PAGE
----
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Storm Emergencies

Severe stormy weather poses many threats that can affect travel, communication, and physical safety.

Winter Storms

When severe winter storms hit the BYU-Idaho campus during normal school hours, the President’s Council decides whether to close the campus or have employees leave work early.

  1. Students and employees are notified of updates through official emails, texts, myBYUI homepage banners, and radio stations (FM 94.3 or FM 91.5). 
  2. Faculty: If a class is in session when a storm hits, do not dismiss class. Wait for further instructions about when to leave the safety of the buildings. When notified that it is safe to leave campus, please do so without delay. 
  3. Students, faculty, and staff who question whether the university will be open after a major overnight storm should wait for updates via email or tune in to campus radio stations.  


During a severe thunderstorm, remain indoors to avoid lightning. Follow these guiding principles from the CDC.

Avoid Electrical Sources

  1. Avoid contact with corded phones and devices including those plugged into electric sources for recharging.  
  2. Cordless and wireless phones not connected to a wall outlet are okay to use. 
  3. Avoid contact with electrical equipment or cords.  
  4. Lightning can cause dangerous power surges.Unplug appliances and other electrical items, such as computers. Turn off air conditioners.

Avoid Energy Conductors

  1. Plumbing and bathroom fixtures can conduct electricity. Avoid contact with plumbing. Do not wash your hands, take a shower, wash dishes, or do laundry.
  2. Avoid contact with anything metal—tractors, farm equipment, motorcycles, golf carts, and bicycles, etc. 

Outdoor Safety

  1. Stay away from windows, doors, and porches. 
  2. Take shelter in a sturdy building. Avoid Isolated sheds or other small structures in open areas. 
  3. Do not lie on concrete floors or lean against concrete walls. 
  4. Avoid hilltops, open fields, beaches, or a boat on water. 
  5. Avoid natural lightning rods such as tall, isolated trees in an open area. 
  6. If you are driving, safely exit the roadway and park the vehicle. Stay in the vehicle and turn on emergency flashing lights until the heavy rain ends.  
  7. Avoid touching metal or other surfaces that can conduct electricity in and outside of the vehicle.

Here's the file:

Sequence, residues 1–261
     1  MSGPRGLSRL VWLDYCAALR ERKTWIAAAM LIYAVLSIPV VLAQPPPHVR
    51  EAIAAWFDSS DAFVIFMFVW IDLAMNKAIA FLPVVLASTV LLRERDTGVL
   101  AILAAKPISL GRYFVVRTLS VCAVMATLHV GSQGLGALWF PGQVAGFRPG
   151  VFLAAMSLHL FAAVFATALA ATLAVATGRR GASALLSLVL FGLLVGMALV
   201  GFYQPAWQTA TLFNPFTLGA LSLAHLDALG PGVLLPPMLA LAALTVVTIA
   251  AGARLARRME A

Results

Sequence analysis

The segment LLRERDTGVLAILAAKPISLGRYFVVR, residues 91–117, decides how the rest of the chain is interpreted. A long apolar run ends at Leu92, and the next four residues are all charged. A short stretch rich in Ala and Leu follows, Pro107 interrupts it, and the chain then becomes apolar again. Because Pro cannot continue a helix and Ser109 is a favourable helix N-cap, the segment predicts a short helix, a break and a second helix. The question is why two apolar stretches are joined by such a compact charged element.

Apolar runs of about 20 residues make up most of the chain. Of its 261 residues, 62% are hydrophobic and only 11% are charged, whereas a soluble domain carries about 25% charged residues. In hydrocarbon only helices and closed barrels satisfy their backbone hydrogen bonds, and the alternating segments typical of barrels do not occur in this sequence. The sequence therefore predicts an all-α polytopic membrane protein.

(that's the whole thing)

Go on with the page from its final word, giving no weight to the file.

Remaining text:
Where you are when a tornado hits matters. Use the following information to help you decide what to do in your situation.

Inside a Building

If you are in a structure such as a residence, small building, school, nursing home, hospital, factory, shopping center, or high-rise building:

  1. Go to a pre-designated area such as a safe room, basement, storm cellar, or the lowest level in a building.  
  2. If there is no basement, go to the center of a small interior room on the lowest level of the building (e.g., a closet or interior hallway) away from corners, windows, doors, and outside walls. 
  3. Put as many walls as possible between you and the outside. 
  4. Get under a sturdy table and use your arms to protect your head and neck. 
  5. If you are in a high-rise building, go to a small interior room or hallway on the lowest floor as possible.  
  6. Put on sturdy shoes. 
  7. Do not open windows. 

Manufactured Home or Office

  1. Get out immediately and go to a pre-identified location such as the lowest floor of a sturdy, nearby building or storm shelter.  
  2. Keep in mind that mobile homes, even if they are tied down, offer little protection from tornados.  

Outside With No Shelter

If you are not in a sturdy building, there is no single research-based recommendation because many factors can affect your decisions. Consider these guidelines:

  1. Immediately get into a vehicle, buckle your seatbelt, and try to drive to the closest sturdy shelter. If your vehicle is hit by flying debris while you are driving, pull over and park until the storm passes. 
  2. Take cover in a stationary vehicle. Strap the seatbelt on and cover your head with your arms and a blanket, coat, or cushion if possible. 
  3. Lie in and area noticeably lower than the level of the roadway and cover your head with your arms, a blanket, coat, or cushion if possible.  

In All Situations

  1. Do not seek shelter under overpasses or bridges. You are safer in a low, flat location.  
  2. Never try to outrun a tornado in urban or congested areas while in a vehicle. Instead, leave the vehicle immediately for a safe shelter.  
  3. Watch for flying debris. Flying debris from tornados causes most injuries and fatalities.